Thirty Years’ War (Magill’s Guide to Military History)
Article abstract: At issue: Religious and political balance of power in Europe. Result: Religious status as before war; frustration of Habsburg efforts to dominate Germany; independence of Switzerland and the Netherlands; French hegemony in Europe.
The Peace of Augsburg (1555) had failed to relieve religious tensions, and unrest was rife in Germany. Only the Catholic and Lutheran faiths were officially allowed, and radical Protestantism was repressed; however, Calvinism was growing. Another point of contention was ownership of church lands (“ecclesiastical reservations”). If a Catholic prelate became Protestant, his possessions were to remain Catholic. Frictions between Protestants and Catholics resulted in ugly incidents, including a Protestant-Catholic riot at Donauwörth (1607). The traffic in converts and refugees was a further irritant. In May, 1608, the Protestant Union, a military alliance, was formed by Frederick IV, Calvinist elector of the Palatinate. A year later, the Holy Catholic League gathered under Maximilian of Bavaria, who, like Frederick, was a member of the House of Wittelsbach. Cold war followed, climaxed by a confrontation in Bohemia (later the Czech Republic) that resulted in three decades of war.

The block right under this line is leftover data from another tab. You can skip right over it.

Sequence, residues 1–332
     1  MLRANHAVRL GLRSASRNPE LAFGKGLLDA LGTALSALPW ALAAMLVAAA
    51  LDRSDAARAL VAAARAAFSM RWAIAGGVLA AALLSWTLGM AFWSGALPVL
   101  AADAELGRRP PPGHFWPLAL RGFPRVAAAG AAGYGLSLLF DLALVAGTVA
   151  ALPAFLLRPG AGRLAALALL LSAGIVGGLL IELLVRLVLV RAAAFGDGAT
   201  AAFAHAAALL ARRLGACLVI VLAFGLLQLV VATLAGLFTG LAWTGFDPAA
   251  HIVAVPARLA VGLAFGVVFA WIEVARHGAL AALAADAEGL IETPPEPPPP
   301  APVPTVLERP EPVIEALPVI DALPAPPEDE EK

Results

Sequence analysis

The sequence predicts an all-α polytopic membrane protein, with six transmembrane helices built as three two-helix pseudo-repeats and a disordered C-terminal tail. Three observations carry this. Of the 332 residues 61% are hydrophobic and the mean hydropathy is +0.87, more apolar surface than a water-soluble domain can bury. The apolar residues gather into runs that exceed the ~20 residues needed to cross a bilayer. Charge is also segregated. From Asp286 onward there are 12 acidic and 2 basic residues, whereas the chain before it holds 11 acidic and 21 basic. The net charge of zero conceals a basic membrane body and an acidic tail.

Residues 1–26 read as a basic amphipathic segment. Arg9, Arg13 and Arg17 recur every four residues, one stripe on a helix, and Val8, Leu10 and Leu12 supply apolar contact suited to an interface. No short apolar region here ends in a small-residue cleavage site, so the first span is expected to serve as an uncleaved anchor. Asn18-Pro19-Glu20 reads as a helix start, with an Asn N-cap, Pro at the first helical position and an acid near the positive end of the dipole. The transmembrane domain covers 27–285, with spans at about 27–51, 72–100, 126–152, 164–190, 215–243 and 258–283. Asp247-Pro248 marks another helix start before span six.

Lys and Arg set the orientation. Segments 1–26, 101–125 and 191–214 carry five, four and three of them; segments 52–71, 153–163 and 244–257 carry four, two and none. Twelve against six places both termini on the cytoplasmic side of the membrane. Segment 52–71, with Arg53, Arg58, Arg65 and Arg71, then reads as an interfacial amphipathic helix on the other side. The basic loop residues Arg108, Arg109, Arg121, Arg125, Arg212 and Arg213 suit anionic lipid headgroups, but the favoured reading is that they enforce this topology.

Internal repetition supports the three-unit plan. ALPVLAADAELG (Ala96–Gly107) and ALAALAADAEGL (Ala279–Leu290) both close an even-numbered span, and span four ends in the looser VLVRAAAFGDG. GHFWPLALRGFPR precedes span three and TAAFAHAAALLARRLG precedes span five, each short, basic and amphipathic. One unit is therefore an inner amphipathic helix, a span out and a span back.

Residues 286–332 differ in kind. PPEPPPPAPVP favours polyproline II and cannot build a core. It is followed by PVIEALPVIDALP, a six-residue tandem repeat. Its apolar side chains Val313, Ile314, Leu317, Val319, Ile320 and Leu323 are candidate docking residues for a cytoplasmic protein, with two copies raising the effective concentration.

The Thirty Years’ War went through four periods, the Bohemian (1618-1623), the Danish (1625-1629), the Swedish (1630-1635), and the French...
(The entire section is 1640 words.)
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